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The Exumas are an archipelago of 365 cays and islands, beginning just 35 miles southeast of Nassau. Once called Yumey and Suma (names of Amer-Indian origin), the islands have gone through many changes over the years. Rich in history, they were settled by British Loyalists with their slaves following the American Revolution, and remnants of that storied past remain. The islands are divided into three major areas—Great Exuma, Little Exuma, and The Exuma Cays. Each one offers its own unique experience. Great Exuma and Little Exuma are known for their laidback surroundings, while The Exuma Cays act as a playground for the rich and famous, boasting numerous private homes, luxury resorts and beachside condos. One of the amazing sights in the cays is the "Mile-long Sandbar," a stretch of pure white sand emerging from the blue-green water at low tide.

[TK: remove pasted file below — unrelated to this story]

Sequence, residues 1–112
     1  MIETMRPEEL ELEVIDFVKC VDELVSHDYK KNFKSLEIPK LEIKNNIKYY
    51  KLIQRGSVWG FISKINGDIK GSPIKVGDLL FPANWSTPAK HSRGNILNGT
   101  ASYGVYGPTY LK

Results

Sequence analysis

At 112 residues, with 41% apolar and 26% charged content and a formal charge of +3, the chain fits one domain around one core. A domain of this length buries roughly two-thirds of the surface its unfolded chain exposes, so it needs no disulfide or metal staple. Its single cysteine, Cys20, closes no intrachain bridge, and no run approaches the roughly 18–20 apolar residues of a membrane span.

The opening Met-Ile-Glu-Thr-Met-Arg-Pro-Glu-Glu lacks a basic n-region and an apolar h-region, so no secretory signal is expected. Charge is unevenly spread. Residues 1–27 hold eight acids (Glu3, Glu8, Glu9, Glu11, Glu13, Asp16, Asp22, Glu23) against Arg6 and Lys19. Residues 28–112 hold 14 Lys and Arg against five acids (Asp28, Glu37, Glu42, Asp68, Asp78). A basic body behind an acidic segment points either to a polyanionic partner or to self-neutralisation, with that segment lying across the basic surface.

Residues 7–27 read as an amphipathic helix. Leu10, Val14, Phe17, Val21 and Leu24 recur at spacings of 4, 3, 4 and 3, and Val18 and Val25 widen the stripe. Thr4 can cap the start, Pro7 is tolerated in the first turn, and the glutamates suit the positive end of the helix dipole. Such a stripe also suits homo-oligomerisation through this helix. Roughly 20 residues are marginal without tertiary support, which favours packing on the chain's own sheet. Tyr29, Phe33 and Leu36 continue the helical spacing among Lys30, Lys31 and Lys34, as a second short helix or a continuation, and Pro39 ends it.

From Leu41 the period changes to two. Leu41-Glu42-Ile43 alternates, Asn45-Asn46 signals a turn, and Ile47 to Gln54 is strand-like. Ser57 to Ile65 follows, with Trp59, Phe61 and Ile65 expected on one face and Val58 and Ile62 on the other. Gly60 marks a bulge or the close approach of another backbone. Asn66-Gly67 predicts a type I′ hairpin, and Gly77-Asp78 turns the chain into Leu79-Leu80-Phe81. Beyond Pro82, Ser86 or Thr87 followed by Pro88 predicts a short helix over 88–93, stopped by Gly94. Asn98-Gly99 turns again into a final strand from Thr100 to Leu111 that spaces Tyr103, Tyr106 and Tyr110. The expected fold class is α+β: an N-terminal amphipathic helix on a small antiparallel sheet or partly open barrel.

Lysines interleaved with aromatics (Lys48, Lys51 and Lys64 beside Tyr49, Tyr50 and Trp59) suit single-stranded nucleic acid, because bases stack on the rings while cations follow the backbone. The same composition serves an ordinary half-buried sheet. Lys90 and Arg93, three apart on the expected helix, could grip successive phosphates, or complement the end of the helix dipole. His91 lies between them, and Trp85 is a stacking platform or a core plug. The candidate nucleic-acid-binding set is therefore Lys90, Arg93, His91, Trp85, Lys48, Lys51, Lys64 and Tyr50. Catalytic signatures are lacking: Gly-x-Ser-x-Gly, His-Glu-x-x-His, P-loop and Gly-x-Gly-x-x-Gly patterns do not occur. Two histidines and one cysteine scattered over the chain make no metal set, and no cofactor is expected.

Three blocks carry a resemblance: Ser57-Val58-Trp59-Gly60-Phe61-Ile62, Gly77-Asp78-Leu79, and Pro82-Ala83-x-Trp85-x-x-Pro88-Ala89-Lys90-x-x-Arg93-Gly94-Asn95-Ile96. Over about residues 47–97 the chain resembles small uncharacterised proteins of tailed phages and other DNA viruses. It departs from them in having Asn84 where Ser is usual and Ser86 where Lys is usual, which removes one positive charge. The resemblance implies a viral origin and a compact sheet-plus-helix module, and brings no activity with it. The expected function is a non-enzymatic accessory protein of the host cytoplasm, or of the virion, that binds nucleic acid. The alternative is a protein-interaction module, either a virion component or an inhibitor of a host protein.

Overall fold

This graceful crescent of white-powder sand borders translucent blue-green water. Named for its geographic coordinate and also known as Pelican Beach, it is the longest beach on Little Exuma and prettiest in the chain.
The oldest known macro-fossils on earth, they encode biological activity that could span thousands of years. Mature varieties can be found at some beaches on the Atlantic side of Stocking Island, and modern ones thrive in the Cays.
Big Major's Cay is home to these "domesticated" creatures. It all began in the early 1990s with five baby pigs (four females and one male) and the number has grown. They are so sociable, that whenever a boat arrives, they swim out to be fed.
Covering 13,440 acres, the park is a vital part of the ecosystem between Great and Little Exuma. It includes sand dunes, beaches, mangroves, and sea grass beds. Nesting seabirds call it home and it also serves as a nursery for marine life.